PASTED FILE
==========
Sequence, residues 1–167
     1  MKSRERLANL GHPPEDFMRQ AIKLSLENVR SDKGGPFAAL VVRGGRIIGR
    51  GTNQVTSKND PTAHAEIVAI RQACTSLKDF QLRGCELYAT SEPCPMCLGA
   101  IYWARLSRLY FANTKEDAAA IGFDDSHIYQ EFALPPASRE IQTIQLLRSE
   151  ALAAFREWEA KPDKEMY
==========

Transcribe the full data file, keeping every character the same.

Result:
Sequence, residues 1–167
     1  MKSRERLANL GHPPEDFMRQ AIKLSLENVR SDKGGPFAAL VVRGGRIIGR
    51  GTNQVTSKND PTAHAEIVAI RQACTSLKDF QLRGCELYAT SEPCPMCLGA
   101  IYWARLSRLY FANTKEDAAA IGFDDSHIYQ EFALPPASRE IQTIQLLRSE
   151  ALAAFREWEA KPDKEMY